Recently appointed Principal of Rothelowman in NSW/ACT, we speak to the highly-respected Sydney architect Ben Pomroy about entering a national practise, his interest in BIM, and the importance of building relationships when starting out as an architect.
January 15th, 2015
Q. What was your initial response to being appointed principal of ROTHELOWMAN NSW/ACT?
I thought that this was an exciting opportunity to bring ROTHELOWMAN’s strong design expertise into the NSW and ACT market. I admired the practice’s work in Melbourne and Brisbane and was excited to build on this experience with my own skills and approach to architecture.
Q. What excites you most about this new chapter? What do you hope to achieve in this position?
I’m excited by the opportunities that come with forming a national practice. From the blending of skill sets, to the application of ROTHELOWMAN’s combined expertise, not only can we now implement these creative ideas and design approaches in the NSW and ACT markets; we can service clients on a national and international level.
The design of high-density residential apartments has evolved in unique ways in each of the state capitals. Add to this the high-standards around internal amenity set by NSW’s residential flat design code and we are as a country starting to think differently about city living.
ROTHELOWMAN’s experience in residential apartment design extends across both Melbourne and Brisbane. We have restrictive planning controls in NSW that ROTHELOWMAN as a group can look at with new eyes and combine our Residential apartment design from Victoria and Queensland where there are less restrictions on design innovation. Victoria has had 10+years head start on high rise multi-unit residential apartments, and that expertise is being called for immediately in NSW.
The alignment of my retail design background with ROTHELOWMAN’s experience in mixed-use and multi-residential presents exciting prospects. Together, with our shared knowledge and resources, we aim to challenge the norm in residential apartment design, whilst creating commercially viable projects that activate streetscapes and positively contribute to the community.
Q. Have you developed a personal style or philosophy in your work that you will bring to ROTHELOWMAN?
My approach to design is founded on research and responsiveness to the site conditions and controls. Every perceived control is really an opportunity in disguise and decoding these are what gets me out of bed in the morning. As for my philosophy, it’s quite holistic in the sense that I believe that each site or design challenge comes down to understanding who the client is, what they do and what they want to achieve. From here my process involves tailoring quality design solutions to meet their objectives and achieve optimum outcomes.
Q. What do you believe to be the main forces and challenges for the practice of architecture? What do you think they will be in the future?
The forces that shape architecture are many. Economic, environmental, political and social; architecture fundamentally shapes the world we live in and, excitingly for all architects, the world we want to live in. Understanding these forces doesn’t mean controlling them, rather it means we must adapt to their reality. These constantly changing pressures challenge us to grow, to think differently about design, to question where and how the profession should change and reconsider the status quo – an exercise that can only benefit the industry and the built environment as a whole.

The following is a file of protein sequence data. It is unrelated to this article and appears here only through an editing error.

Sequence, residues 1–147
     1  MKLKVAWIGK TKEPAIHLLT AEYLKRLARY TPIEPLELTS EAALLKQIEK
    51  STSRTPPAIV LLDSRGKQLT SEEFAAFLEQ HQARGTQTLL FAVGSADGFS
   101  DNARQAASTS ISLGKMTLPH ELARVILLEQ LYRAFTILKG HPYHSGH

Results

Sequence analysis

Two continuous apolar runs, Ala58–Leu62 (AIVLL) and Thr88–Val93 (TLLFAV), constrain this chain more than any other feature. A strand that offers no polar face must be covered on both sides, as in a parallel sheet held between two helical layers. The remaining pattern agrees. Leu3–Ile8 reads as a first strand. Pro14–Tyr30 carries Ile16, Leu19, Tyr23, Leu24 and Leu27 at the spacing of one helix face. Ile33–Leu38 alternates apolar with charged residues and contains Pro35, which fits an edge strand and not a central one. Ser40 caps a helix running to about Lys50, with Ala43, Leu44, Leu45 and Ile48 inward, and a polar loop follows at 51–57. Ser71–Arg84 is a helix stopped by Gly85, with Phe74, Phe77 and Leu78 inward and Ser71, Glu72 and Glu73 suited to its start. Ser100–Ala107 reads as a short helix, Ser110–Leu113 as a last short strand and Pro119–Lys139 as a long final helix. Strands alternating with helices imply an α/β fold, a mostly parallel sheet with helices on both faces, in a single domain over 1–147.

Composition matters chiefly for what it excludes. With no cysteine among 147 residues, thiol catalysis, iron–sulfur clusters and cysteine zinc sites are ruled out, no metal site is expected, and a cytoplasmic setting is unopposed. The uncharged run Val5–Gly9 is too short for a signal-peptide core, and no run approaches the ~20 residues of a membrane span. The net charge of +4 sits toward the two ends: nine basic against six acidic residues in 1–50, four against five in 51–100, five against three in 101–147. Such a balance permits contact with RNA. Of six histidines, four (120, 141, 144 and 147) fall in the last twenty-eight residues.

A force that has always directly impacted architecture is technology. New technologies in building construction are going to place architects back at the centre of the process through virtual building construction or Building Information Modelling.
Q. What is the most exciting or significant development for the architecture industry currently? How does this affect your area of work?
I have a particular interest in BIM, and off site production. These seemingly parallel innovations in the design and building industries are presenting architects and designers with new and significant opportunities to innovate and lead the construction industry through our specialist skills and training.
For centuries, buildings have been one off prototypes, never repeated in exactly the same way. BIM, however, allows a design to be tested and refined through virtual construction prior to entering site works, which offers great advantages to the entire industry. Whilst ROTHELOWMAN has documented projects in 3D for many years, understanding the new methods of procuring buildings allows us to tap directly into this innovation and create architecture with a point of difference.
Q. What advice do you have for aspiring architects or designers?
Architecture is about teamwork. No one person makes a great building; it takes a great team, good site and a lot of hard work to get those results. Starting out you need to get as much experience as you can, enter design competitions, intern, establish professional networks and be aware of what is going on in the industry – from changes in planning policy to new acquisitions and developments, these will influence what you do and how you do it.
In the early stages of your career you should focus on your clients, understand them, nurture them and learn how to navigate the collaborative process, it is important to understand what it is like to work with a client rather than just for them, it is this relationship that will determine the success of a project.
INDESIGN is on instagram
The internet never sleeps! Here's the stuff you might have missed
The ‘workplace revolution’ began in the late 20th century, except that from today’s perspective it looks more like an evolution than revolution. As the latest issue of Indesign magazine finds its way into your hot little hands, Paul McGillick shares highlights and reflections.